I nearly choked on my morning coffee when I read this story in today’s Guardian, surely this should be in Ben Goldacre’s Bad Science section? The accompanying box out says ‘With most wines showing best on fruit and flower days, drinkers face a tricky weekend’. As if our lives aren’t complicated and busy enough, that last thing we need is utter rubbish like this. Close the pubs! Cap the bottles! It’s a root day!
I then laughed out loud at Pierpaolo Petrassi from Tesco’s who said, “It may be a little step beyond what consumers can comprehend. We have so many other things to educate consumers about. So many remain confused about screw caps, for example.” What! Who on earth apart from toddlers and the elderly could get confused about a screw cap? As for M&S’ Jo Ahearne who said, ”Before the tasting, I was really unconvinced, but the difference between the [two] days was so obvious I was completely blown away.” So what she’s saying is ‘the second day of wine tasting I was much better at it’. And that’s due to the day of the week is it Jo? What’s next Mystic Meg the Sommelier?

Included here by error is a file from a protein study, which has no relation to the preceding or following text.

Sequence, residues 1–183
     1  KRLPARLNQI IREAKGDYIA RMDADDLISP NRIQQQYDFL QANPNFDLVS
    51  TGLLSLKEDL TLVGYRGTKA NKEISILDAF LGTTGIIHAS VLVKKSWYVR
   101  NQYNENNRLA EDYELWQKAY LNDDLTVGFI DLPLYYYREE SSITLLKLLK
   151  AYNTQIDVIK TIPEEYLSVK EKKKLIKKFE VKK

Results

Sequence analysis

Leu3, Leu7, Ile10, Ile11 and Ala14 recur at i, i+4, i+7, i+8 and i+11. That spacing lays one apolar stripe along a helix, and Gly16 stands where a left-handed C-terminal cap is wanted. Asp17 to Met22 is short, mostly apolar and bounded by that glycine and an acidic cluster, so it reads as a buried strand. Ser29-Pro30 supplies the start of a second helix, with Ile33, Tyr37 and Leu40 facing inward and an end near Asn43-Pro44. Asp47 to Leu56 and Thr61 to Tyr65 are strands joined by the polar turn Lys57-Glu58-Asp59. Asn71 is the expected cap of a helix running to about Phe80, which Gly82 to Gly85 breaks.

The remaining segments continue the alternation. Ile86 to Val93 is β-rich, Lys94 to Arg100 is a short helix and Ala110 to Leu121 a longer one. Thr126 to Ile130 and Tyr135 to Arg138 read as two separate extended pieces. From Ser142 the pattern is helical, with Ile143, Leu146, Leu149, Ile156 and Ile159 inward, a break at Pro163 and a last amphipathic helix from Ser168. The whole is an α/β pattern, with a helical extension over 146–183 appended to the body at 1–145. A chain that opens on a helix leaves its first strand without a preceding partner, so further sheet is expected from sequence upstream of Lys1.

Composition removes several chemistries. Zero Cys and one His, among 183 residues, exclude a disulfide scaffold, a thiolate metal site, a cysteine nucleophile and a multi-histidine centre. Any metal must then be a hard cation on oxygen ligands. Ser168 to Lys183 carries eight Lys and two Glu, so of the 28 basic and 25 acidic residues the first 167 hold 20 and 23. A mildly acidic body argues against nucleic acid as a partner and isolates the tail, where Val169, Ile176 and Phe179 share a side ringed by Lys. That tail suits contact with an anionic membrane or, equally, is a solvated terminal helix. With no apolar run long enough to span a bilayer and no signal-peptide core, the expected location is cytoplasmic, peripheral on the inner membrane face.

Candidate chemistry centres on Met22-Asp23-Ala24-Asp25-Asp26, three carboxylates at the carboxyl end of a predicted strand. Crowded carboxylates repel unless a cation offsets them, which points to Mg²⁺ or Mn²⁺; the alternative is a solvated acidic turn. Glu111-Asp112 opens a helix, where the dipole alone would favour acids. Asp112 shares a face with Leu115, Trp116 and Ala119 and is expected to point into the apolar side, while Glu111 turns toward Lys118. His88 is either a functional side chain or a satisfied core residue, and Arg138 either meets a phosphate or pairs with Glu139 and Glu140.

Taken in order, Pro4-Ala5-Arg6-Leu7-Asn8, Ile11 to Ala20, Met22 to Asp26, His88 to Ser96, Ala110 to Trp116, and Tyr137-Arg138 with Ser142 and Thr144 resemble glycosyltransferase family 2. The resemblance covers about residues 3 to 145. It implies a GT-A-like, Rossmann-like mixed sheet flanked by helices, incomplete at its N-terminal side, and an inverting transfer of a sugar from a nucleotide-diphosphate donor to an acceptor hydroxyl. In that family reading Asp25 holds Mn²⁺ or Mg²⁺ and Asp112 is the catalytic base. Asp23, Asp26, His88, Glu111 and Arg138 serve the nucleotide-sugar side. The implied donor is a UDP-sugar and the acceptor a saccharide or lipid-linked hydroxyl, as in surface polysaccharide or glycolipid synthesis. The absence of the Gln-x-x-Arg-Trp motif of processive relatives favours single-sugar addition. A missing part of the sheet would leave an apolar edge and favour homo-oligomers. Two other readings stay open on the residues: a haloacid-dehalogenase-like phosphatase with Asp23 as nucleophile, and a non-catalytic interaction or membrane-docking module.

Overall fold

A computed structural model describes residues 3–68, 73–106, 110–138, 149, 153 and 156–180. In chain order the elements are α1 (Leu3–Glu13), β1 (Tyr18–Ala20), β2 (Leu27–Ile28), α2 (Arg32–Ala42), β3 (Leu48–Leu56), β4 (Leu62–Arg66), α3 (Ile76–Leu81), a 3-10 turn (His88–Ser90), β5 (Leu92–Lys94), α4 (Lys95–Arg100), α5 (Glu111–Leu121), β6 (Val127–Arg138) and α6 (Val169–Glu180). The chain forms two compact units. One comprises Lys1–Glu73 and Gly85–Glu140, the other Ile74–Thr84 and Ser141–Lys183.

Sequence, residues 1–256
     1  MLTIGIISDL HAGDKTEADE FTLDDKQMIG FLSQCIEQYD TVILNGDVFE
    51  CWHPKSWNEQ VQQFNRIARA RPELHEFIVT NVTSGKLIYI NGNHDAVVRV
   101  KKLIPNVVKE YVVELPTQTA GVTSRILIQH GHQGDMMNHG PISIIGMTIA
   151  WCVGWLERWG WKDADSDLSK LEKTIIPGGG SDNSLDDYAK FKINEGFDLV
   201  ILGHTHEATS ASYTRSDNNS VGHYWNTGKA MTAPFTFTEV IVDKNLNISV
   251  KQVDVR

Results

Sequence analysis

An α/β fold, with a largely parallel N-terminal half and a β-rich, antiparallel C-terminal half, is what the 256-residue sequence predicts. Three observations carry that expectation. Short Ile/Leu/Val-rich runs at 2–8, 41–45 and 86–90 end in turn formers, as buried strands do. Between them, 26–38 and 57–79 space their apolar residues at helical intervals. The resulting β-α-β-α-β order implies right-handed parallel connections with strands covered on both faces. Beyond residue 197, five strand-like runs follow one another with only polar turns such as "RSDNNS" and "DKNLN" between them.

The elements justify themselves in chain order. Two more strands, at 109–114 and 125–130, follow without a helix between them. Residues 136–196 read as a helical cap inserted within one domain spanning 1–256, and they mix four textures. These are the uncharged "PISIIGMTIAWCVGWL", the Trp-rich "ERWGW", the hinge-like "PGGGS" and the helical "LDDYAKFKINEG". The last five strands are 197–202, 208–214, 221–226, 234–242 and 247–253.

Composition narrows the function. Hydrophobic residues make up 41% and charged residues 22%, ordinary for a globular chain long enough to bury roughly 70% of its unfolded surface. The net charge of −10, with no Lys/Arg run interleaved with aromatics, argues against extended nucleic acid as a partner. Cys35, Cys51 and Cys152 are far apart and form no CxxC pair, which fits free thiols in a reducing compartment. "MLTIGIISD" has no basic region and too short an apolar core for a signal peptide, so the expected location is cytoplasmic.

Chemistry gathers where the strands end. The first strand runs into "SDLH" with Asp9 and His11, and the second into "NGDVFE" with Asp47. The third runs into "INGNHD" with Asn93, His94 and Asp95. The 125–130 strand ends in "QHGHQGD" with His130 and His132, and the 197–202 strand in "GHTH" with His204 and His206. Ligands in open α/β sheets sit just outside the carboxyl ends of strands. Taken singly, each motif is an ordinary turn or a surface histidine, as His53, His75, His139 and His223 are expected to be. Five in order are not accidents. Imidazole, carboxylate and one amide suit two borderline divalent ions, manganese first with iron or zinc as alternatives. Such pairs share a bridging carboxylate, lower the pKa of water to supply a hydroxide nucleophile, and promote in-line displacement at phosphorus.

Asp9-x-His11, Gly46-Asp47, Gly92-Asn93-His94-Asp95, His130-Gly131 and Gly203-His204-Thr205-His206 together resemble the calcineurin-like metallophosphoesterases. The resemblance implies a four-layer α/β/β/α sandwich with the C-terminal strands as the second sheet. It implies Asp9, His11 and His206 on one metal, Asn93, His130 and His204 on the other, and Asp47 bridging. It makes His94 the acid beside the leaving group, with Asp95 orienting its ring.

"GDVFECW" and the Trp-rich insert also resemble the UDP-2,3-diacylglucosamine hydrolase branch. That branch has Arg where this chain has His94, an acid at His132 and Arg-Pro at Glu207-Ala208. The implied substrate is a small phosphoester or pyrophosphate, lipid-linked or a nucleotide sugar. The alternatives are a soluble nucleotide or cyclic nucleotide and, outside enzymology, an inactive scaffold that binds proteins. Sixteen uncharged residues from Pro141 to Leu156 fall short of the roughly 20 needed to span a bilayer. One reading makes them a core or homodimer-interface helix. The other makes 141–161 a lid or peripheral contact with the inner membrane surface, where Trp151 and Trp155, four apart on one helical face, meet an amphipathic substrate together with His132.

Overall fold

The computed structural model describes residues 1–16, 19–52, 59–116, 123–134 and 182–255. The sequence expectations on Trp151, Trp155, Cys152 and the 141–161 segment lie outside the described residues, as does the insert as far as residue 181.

You’ll notice it’s mainly wine that is susceptible to these incomprehensible mystical and elemental forces beyond the ken of men; not many beers, or whiskies, or Coca Cola for that matter. Look, the organic market has tanked, and along with it some good environmental and common sense farming principles sadly. The very last thing we need right now is some mystic neo-pagan navel gazing. This sort of biodynamism just reinforces the snobby and elitist crap surrounding wine. Putting manure on a field is common sense, burying a skull filled with it under a full moon is quite literally lunacy. Whilst I’m sure that to everything there is a season, a time to plant etc, it is asking a bit much to extend that to a time to drink or eat the resulting product.